- For requests of a delay of a year or less in payment of the tax it is required that the request has been made within the allowed time period and that there are not sufficient liquid assets to pay the tax
- For requests to pay instalments over five years in addition to the rules regarding requests for a delay of one year, it is additionally required that a guarantee that covers 125% of the amount of the tax and interest payable.
Lower Cost of Spanish Inheritance Tax (added fines or surcharges) by defering taxes payment.
6. Will I lose an inherited property if I cannot pay inheritance taxes due?
A major fear that beneficiaries can have is that, should they be unable to pay the tax on the inheritance of a property in Spain, that they may lose the property. This is not the case though complications can arise.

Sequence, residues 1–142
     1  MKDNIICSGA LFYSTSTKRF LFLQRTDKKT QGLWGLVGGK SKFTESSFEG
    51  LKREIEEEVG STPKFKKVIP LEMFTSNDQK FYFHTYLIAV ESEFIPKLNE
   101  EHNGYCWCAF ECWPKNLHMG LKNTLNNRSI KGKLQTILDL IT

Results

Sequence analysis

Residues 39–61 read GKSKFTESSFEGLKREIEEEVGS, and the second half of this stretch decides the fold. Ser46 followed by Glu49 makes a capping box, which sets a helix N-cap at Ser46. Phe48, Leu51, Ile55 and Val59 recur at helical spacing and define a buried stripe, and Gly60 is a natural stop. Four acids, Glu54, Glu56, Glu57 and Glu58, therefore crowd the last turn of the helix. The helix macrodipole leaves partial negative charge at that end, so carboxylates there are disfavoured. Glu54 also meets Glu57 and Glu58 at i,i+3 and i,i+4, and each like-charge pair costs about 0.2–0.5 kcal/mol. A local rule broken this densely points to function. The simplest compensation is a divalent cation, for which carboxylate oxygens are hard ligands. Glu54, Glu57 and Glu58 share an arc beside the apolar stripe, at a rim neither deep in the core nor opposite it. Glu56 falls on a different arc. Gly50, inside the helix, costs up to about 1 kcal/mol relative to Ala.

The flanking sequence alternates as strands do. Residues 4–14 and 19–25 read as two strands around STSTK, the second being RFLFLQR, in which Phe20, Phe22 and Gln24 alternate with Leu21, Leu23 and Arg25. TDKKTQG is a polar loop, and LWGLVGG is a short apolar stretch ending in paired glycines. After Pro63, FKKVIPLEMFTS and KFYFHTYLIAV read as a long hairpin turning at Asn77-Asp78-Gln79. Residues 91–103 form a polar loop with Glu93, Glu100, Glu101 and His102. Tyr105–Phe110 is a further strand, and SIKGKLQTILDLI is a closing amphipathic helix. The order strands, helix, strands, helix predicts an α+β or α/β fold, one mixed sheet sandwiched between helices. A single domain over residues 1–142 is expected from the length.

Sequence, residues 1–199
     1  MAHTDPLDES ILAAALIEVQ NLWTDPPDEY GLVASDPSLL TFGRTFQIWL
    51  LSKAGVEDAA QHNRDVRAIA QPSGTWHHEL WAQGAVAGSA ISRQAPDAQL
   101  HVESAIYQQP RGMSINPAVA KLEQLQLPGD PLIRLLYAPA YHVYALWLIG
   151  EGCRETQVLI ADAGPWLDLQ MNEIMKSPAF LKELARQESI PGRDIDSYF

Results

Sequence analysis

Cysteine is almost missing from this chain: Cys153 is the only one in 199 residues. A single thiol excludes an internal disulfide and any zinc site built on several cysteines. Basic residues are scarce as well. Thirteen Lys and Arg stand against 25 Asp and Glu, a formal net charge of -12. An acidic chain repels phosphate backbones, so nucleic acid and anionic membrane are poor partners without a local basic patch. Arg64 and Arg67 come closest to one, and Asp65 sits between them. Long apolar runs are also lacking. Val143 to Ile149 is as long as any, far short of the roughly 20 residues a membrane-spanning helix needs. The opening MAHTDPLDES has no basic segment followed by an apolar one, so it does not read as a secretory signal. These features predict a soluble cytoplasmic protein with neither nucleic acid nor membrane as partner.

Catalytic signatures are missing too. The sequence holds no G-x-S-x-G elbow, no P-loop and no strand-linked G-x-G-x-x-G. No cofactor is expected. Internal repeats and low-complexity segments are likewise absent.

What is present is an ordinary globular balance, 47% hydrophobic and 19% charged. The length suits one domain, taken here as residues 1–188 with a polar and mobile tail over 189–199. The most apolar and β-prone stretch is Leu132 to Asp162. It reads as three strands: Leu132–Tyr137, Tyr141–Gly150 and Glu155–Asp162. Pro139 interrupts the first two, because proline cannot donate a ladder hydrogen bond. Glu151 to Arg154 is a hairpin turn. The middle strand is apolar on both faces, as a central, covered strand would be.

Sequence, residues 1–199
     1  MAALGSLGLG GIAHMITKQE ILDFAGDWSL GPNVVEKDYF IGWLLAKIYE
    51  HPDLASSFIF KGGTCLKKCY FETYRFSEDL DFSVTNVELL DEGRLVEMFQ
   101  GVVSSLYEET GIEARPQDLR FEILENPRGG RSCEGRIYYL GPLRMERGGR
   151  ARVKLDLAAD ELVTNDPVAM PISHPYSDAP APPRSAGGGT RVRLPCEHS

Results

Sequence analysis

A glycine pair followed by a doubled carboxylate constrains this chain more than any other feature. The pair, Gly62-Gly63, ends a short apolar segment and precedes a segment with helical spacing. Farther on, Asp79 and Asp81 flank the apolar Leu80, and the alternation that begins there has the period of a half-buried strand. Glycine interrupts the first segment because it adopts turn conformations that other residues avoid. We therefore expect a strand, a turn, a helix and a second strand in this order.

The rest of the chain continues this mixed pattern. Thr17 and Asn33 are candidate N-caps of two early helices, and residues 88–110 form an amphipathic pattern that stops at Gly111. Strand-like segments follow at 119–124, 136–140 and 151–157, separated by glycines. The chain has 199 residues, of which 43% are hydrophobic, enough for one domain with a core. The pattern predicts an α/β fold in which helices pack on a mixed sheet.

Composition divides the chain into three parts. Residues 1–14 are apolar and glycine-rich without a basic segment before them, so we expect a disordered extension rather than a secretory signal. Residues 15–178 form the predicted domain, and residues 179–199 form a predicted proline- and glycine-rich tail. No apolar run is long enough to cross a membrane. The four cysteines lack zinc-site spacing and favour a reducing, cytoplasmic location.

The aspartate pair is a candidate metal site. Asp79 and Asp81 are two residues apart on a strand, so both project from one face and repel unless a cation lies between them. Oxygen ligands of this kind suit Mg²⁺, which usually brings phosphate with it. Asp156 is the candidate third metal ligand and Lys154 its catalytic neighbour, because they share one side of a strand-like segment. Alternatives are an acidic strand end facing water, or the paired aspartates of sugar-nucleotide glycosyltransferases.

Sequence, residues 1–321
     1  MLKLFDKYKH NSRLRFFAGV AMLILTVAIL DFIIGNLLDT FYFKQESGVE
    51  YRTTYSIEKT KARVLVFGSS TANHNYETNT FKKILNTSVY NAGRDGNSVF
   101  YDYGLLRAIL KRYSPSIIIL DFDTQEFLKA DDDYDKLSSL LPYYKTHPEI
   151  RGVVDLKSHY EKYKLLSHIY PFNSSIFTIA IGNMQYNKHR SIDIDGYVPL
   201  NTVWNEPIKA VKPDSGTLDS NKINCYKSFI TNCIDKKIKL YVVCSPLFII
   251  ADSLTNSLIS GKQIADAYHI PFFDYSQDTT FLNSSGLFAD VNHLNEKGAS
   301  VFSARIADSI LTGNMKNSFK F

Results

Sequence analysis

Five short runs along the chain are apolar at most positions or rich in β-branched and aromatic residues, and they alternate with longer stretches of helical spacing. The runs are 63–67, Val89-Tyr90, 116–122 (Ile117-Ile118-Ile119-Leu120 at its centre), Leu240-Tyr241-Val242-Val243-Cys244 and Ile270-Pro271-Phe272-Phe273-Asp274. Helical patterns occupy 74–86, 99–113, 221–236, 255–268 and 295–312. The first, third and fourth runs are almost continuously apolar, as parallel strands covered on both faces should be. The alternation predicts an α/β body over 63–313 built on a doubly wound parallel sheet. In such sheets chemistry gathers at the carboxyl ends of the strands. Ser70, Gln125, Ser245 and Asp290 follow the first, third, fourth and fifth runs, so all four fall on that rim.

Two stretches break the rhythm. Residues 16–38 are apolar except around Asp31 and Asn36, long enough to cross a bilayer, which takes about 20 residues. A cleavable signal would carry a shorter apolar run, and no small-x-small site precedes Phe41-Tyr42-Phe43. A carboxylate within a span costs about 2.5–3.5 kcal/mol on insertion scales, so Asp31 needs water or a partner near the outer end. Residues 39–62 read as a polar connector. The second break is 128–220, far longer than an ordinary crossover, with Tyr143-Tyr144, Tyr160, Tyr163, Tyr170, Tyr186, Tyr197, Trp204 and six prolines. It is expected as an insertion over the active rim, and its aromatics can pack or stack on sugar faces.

For example, it is certainly not possible to sell a property until any inheritance taxes that are due have been paid.
Often the solution here can be to arrange for the lawyer to prepare the inheritance tax papers and wait until a suitable buyer appears. In such cases, the taxes and legal costs can often be dealt with by using the deposit transferred to purchase the property.
7. Do I still pay taxes if I inherit the family home?
If the property was the habitual home of the deceased then a special tax exemption exists for close family members. The exemption is currently worth approximately €122,000 or up to 95% of the value of the property.
There are strict rules governing what constitutes ‘habitual’ residence and the property may not then be re-sold for a period of 10 years.
8. My partner and I are not married. Can we benefit from inheritance tax exemptions?
This problem can be avoided in a number of regions by registering as a ‘pareja de hecho’ (common law couple) in the relevant local registry and which henceforth permits the partner to benefit from typical spousal tax advantages. More information is available on regional inheritance tax deductions in Spain